Years ago as an impressionable young boy, I was traveling with my father on a road trip through the beautiful mountains and valleys of Utah.
Spending time with my father was a cherished experience of excitement, adventure and subtle learning of life’s lessons. On this particular day, we passed the rotting wood skeleton of a house that was framed, but remained unfinished for what appeared to be many years. My father brought the car to a gentle stop and then reversed the gears and again approached the wretched remains of what might have been a beautiful house, if only it had been completed. Then, with the love of a caring father, he used the half finished structure as an analogy of life’s lessons to be taught. “Never begin a journey or a project without the sure commitment to complete it”, he said. “The world is full of incomplete dreams and promises. If you are going to start something, be resolute in your resolve to finish it. Time and fortunes are wasted in efforts not fulfilled.”
That experience has profoundly influenced my life, as I’m sure my father hoped it would. As I reflect upon that lesson learned so many years ago, I would like to use the analogy of a job half done in the context of sales. I have taught for years that selling is a process, not an event. The closing of a sale is the result of following and completing each step of the process. The major steps of the sales process consist of finding, presenting, romancing and closing. There are certainly sub steps and variations to the process, but it is a process nevertheless. Each step leads to the next step and any step not engaged or completed will frustrate the desired result.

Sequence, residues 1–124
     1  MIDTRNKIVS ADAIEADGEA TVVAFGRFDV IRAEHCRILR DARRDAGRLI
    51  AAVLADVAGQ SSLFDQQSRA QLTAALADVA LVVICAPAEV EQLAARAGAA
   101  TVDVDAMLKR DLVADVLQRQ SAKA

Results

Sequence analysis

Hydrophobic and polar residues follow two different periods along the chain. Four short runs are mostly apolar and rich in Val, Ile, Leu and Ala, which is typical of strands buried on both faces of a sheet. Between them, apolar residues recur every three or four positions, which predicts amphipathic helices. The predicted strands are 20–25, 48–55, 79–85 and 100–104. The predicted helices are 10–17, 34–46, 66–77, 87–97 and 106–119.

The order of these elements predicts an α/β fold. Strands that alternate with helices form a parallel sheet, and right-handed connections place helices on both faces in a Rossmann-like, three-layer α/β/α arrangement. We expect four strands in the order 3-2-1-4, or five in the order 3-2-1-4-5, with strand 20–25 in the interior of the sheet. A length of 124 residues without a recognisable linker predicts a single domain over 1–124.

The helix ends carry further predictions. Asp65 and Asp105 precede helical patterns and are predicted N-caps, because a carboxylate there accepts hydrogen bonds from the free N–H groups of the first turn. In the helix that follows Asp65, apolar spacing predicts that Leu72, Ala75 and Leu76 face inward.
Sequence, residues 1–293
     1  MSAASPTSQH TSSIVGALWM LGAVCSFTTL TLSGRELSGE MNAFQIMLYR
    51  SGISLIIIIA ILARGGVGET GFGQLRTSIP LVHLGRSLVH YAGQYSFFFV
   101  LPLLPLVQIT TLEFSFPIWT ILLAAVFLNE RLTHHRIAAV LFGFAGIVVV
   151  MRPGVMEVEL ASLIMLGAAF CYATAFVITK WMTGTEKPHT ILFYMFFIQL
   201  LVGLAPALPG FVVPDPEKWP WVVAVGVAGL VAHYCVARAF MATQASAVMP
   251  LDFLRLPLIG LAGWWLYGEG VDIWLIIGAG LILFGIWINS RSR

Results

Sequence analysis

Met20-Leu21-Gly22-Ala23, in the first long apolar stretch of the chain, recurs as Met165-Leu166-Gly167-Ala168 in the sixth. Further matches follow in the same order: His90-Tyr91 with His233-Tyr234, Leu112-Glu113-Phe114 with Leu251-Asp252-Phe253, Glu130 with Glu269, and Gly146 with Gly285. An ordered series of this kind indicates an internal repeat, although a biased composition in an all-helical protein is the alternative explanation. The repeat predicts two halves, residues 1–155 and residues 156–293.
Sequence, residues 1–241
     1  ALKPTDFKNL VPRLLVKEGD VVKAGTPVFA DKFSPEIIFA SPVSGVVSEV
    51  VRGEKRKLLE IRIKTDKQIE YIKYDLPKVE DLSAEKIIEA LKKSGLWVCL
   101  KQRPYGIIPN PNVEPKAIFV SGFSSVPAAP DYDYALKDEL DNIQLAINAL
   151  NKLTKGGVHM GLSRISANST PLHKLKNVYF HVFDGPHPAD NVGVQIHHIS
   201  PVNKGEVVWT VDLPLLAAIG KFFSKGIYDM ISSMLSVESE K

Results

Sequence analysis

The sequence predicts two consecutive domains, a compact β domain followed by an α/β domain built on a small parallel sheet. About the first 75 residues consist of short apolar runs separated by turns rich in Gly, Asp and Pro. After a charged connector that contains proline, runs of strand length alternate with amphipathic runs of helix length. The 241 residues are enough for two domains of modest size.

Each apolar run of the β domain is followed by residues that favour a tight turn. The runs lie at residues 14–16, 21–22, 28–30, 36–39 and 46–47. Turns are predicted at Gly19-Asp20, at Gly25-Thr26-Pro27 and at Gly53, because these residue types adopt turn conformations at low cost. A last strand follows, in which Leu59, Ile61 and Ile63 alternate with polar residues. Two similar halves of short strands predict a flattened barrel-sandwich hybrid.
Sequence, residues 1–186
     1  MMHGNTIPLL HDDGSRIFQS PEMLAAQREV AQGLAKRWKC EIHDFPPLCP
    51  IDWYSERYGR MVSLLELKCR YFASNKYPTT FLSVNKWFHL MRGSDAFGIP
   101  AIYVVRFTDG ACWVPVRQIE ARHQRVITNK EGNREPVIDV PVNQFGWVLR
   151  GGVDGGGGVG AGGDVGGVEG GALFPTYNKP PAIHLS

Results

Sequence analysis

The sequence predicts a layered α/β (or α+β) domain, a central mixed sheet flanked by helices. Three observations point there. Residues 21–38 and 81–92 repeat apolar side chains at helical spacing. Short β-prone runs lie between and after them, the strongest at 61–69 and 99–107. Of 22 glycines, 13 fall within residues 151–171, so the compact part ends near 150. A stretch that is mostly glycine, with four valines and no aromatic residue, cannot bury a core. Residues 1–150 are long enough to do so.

One of the major reasons for reduced sales is the lack of follow-up, or what I refer to as romancing the sale. Every salesperson should understand the importance of romancing their sales, but they fail due to their lack of understanding the correct application of methods and timing. Most salespeople follow-up by contacting the prospect and asking “Do you have any questions?” Followed by the inevitable, “Have you made up your mind yet?” After receiving negative responses on both counts and feeling the aggravation from the prospect for asking those questions, the salesperson accepts the default position of waiting for the prospect to contact them if they are interested.
Not romancing the sale is paramount to framing a house and not completing it. Finding and presenting are only the beginning of the sales process. The most important phase is romancing. This is where you cement the relationship and provide the necessary information to allow them to comfortably make the correct decision. You need to be with them as they consider the features and benefits of choosing one solution over another. Don’t leave the decision to buy, in their hands, without your support. The buyer will often make the wrong decision in the absence of your honest and candid advice. If you are going to spend the time to prospect and present, don’t leave the sales process half finished by not romancing the sale. The world of selling is replete with the wasted efforts of sales left rotting, because salespeople didn’t complete the process they started. Romancing the sale is the difference between sales success and mediocrity.